Title: The Seduction of Esther
Author: Jennifer Wilck
Genre: Contemporary Romance
Samara Goldberg has a problem even the most beautiful singing voice can’t fix. She’s a walking disaster, especially when she’s around handsome men. To make matters worse, she’s in desperate need of someone to play the character of Mordecai for the Purim spiel she’s producing and the new congregant, Nathaniel Abramson, is a perfect fit. Nathaniel is a divorced dad who’s recovering from the biggest public scandal of his life. The last thing he needs is a relationship with the choir director at his new synagogue, who also happens to be playing the lead female role of Esther in the very play he’s been coerced into joining.
Woven around the Jewish holiday of Purim, The Seduction of Esther is a story of two people whose lives mirror the plot of the Purim story. Like Esther, who had to hide her Jewish identity from the King of Persia, Samara and Nathaniel are hiding key pieces of themselves. Evil Haman wanted to destroy the Jews, and the nasty Josh will do anything to keep Samara and Nathaniel apart. Will their love survive, like the Jewish people in Shushan, Persia, or will their fear keep them apart?
The Seduction of Esther is the first book in my Women of Valor series. What makes this series unique is that while the books are contemporary romance, they all incorporate Jewish themes and holidays into their stories.
The Seduction of Esther revolves around the holiday of Purim, which is a joyous holiday that takes place in the early spring. It celebrates the saving of the Jews of Persia and we dress up, eat and drink.
One of the major themes of Purim is hiding one’s identity. The heroine in the Purim story, Esther, pretends she’s not Jewish in order to catch the attention of the King, marry him, trap the villainous Haman and ultimately save the Jews. Talk about a great story! And hiding one’s identity provides a great conflict for a romance novel.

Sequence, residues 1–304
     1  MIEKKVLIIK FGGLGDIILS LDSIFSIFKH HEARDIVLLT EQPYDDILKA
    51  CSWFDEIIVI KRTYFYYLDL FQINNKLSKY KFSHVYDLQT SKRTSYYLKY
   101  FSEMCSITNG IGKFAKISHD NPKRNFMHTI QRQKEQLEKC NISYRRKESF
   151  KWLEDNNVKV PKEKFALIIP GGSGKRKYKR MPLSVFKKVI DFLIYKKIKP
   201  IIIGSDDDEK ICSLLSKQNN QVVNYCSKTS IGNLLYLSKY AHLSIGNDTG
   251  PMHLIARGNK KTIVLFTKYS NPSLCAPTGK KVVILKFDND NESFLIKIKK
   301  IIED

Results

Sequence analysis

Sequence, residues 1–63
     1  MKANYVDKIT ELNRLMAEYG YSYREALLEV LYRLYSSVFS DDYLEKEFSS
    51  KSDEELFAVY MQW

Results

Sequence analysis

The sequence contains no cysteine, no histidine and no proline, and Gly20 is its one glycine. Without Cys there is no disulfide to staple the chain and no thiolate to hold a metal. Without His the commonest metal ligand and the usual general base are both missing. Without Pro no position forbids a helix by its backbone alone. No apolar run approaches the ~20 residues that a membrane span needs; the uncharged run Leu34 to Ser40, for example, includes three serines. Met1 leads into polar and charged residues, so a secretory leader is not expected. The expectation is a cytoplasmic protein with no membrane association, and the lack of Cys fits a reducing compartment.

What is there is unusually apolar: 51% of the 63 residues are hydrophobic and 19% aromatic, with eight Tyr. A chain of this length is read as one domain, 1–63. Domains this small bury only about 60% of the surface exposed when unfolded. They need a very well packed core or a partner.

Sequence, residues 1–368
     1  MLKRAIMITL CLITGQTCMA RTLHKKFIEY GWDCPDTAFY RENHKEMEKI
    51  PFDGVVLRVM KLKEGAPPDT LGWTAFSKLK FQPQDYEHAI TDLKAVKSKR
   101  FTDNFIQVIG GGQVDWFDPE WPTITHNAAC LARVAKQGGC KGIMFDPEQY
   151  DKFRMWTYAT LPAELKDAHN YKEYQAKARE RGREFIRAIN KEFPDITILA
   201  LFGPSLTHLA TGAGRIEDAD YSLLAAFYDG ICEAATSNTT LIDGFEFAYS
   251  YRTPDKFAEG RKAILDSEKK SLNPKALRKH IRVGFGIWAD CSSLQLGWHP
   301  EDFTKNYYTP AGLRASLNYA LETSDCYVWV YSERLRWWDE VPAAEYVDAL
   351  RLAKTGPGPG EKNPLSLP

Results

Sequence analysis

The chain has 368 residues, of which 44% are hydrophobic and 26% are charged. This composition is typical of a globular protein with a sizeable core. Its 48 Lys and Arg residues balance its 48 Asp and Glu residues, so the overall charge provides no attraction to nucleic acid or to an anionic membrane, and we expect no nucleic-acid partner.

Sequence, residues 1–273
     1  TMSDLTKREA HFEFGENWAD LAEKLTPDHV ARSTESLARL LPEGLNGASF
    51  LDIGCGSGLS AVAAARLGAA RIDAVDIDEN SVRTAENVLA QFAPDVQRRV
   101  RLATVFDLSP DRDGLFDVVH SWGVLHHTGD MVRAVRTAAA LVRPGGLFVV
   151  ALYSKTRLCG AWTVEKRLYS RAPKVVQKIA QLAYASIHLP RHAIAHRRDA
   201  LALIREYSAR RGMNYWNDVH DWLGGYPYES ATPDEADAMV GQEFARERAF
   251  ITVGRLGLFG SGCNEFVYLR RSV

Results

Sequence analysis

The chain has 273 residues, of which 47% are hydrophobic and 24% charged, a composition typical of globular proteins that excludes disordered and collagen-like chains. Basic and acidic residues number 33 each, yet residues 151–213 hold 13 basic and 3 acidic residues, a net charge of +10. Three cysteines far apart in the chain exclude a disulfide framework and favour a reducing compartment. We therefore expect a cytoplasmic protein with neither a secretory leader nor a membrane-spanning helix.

While not all of my books incorporate Jewish themes, I began writing this series to fill a need that I saw in romance—diverse heroes and heroines. Most books are inherently Christian. The hero and heroine get married in a church. The holiday they celebrate together where they meet each other’s families is Christmas. Before the Thanksgiving meal, everyone says grace.
I love reading these books and the warmth conveyed spills over to me. I have no problem with books that incorporate religions other than my own. But I do think that diversity is important, and occasionally, I think it would be nice to see examples of other religions. That’s why I wrote this series.
Diverse characters in romance add an additional layer of texture to the story. They incorporate an added richness to our characters. And they help people recognize themselves in the story. Sure, romance novels provide an escape from our every day reality. But they also allow us to recognize the best of ourselves in the characters. Not every reader is the same and not every hero and heroine should be the same either.
I hope you enjoy it!
About the Author:
When I was a little girl and couldn’t fall asleep, my mother would tell me to make up a story. Pretty soon, my head was filled with these stories and the characters that populated them. Each character had a specific personality, a list of likes and dislikes, and sometimes, even a specific accent or dialect. Even as an adult, I think about the characters and stories at night before I fall asleep, or in the car on my way to or from one of my daughters’ numerous activities (hey, anything that will drown out their music is a good thing).
One day, I started writing them down (it was either that or checking into the local mental hospital—the computer was way less scary) and five years later, I’ve gotten two book contracts from Whiskey Creek Press. A Heart of Little Faith came out in June; Skin Deep is coming out in November.
In the real world, I’m the mother of two amazing daughters and wife of one of the smartest men I know. I enjoy spending time with my family and friends, reading, traveling and watching TV. In between chauffeuring my daughters to after-school activities that require an Excel spreadsheet to be kept straight, I serve on our Temple Board, train the dog we adopted from a local shelter, and cook dinners that fit the needs of four very different appetites. I also write freelance articles for magazines, newspapers, and edit newsletters.
When all of that gets overwhelming, I retreat to my computer, where I write stories that let me escape from reality. In my made-up world, the heroines are always smart, sassy and independent. The heroes are handsome and strong with just a touch of vulnerability. If I don’t like a character, I can delete him or her; if something doesn’t work, I can rewrite it. It’s very satisfying to be in control of at least one part of my life. My inspiration comes from watching the people around me and fantasizing about how I’d do things differently.
Official Website: http://www.jenniferwilck.com/